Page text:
Thursday, March 19, 2009

New flute garden

Spring officially arrives tomorrow, Friday March 20th, and when I think of spring I think of gardens. I've currently got about 2 dozen flutes in the works, going through their myriad finish coats, and when they're on their racks drying it looks I've sprouted a flute garden. It takes a rather long stretch of attention as I deal with them all (and starting the sanding processes on the blocks for them, yet a whole other little garden in itself!) minor result is that I'm simply not at the computer writing as much as I normally might, not with this activity.

There is a wide range of flutes in keys and styles coming out. I'm no fool given this economy, so I'm beefing up my supply of more affordable flat-bottomed Half-Pipes...some are really compact and perfect for taking rafting down the Colorado and playing in the caves and slot canyons you can explore as you go. One day, Bob, one day...

I'm using the last of this stunning board of Cocobolo I picked up a couple of years ago. Cocobolo can be a risky wood given it's oily nature, so not only did I do multiple pre-glue wipes with Acetone, but I used polyurethane glue (not my favorite, but the strongest) and left the walls a bit thicker than I normally would, all in hopes that this will undergo no seam separation. The only 'down' side to it is that it's a heavy flute (low E), which makes no difference to me, only whiny players (HA!).


I am creating a Thunderbird flute (mid G) from some gorgeous figured Walnut and crafted a bird-head motif at the end of the flute. There are also several turquoise inlay patterns all over the flute, the 'feathering' ones in the picture...

figured Black Walnut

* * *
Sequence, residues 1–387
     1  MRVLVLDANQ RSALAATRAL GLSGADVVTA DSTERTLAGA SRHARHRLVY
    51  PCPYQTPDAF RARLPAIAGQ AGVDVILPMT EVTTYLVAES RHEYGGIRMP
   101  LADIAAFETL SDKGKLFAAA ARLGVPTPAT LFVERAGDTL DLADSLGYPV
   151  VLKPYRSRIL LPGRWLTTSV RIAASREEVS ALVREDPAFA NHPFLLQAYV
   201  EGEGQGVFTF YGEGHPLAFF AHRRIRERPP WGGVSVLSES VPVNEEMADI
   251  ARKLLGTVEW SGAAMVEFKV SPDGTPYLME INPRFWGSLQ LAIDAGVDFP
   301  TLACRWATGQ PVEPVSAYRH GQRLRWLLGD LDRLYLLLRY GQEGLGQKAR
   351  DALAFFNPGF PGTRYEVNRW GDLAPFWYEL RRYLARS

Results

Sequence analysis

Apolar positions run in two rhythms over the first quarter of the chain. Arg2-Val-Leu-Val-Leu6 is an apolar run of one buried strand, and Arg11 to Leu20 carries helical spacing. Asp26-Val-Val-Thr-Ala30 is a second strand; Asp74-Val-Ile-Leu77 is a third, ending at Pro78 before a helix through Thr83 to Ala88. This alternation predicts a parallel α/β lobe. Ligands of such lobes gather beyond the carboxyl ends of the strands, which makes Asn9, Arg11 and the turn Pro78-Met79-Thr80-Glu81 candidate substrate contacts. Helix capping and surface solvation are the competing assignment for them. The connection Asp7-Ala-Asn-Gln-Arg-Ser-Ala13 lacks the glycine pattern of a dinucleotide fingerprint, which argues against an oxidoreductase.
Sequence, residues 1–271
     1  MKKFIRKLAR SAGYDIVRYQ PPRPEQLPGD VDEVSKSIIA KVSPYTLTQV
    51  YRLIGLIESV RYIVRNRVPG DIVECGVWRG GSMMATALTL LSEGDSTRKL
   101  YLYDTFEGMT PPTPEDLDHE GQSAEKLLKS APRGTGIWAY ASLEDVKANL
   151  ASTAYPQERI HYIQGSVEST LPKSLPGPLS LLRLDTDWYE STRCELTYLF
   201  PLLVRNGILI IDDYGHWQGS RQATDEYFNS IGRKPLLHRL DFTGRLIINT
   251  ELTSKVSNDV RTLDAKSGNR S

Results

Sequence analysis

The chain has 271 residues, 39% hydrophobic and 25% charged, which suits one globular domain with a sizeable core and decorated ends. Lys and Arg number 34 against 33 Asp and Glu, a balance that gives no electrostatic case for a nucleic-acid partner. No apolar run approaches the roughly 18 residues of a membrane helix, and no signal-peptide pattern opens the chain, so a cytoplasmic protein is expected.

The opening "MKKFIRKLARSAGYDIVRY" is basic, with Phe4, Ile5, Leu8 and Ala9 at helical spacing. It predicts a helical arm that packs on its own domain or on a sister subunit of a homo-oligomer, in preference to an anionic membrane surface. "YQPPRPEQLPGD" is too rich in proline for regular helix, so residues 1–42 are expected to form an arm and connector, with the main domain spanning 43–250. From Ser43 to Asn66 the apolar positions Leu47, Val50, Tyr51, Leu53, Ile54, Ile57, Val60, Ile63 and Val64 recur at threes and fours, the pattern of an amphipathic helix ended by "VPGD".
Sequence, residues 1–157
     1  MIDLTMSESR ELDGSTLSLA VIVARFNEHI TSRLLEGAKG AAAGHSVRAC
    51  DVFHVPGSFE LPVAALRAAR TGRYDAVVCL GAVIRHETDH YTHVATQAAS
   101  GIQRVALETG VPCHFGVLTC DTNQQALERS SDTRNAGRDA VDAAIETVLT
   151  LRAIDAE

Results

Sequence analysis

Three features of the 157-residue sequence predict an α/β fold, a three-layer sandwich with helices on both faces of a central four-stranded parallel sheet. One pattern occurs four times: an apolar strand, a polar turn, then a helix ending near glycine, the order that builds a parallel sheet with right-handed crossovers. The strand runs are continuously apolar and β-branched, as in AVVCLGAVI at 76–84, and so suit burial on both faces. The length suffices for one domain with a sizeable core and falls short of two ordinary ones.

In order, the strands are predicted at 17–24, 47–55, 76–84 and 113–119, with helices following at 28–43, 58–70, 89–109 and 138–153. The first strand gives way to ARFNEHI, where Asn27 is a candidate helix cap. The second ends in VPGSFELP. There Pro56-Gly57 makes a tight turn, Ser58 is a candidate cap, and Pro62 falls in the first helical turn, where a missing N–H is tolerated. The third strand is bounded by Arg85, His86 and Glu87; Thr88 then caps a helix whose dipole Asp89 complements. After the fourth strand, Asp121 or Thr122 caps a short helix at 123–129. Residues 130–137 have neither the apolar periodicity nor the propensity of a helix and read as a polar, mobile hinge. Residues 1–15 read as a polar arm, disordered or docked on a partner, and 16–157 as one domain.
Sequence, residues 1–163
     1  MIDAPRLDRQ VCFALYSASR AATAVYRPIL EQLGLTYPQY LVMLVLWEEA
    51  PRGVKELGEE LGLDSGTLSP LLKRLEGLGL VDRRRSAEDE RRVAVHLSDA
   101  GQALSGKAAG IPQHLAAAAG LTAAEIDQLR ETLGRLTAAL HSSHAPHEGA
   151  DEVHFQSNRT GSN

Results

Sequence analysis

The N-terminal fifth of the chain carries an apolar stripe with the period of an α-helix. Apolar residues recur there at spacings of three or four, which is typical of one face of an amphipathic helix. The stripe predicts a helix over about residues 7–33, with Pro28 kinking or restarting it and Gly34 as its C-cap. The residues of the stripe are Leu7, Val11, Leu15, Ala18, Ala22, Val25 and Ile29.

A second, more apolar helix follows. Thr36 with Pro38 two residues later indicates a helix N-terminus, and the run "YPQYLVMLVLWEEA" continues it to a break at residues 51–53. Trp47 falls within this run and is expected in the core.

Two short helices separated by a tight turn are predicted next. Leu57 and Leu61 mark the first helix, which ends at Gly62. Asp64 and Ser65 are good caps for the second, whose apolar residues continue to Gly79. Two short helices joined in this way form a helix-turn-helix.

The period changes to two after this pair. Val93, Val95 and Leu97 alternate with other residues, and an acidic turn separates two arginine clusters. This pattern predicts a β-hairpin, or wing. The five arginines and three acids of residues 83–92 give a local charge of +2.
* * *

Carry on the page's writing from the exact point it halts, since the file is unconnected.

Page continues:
One of my Half-Pipes is a big ol' mid F# that I felt led to do a relief burning of a large Kokopelli at the foot...the wood was unmarked when I got itm though I think it's a more dense Mahogany species...

This flute is a special order flute that is already spoken for for 'dibs'. It's a mid G in Black Limba that has, among other design elements, 5 turquoise paw inlays. It's a Coyote flute, and my first job this morning is to hone in on the special composite block I'm designing for it. For any and all of these flutes I'll take special pictures once they're completed.

Black Limba

And now for turning lemons into lemonade...

One of my specialty ultra-high A flutes (~22" long) for some reason got banana-itis and curled significantly (not the flute pictured, but one like it)...

So what more natural thing to do than to whack off the aesthetic parts and create a cute, fun stubby flute about 8.5" long! Here it is minus the little block I need to make...another great little hiking flute that will fit in a pocket!

And that's what's had me tied up of late...and sneezing my fool head off at times, too!

Happy last day of winter, all y'all!

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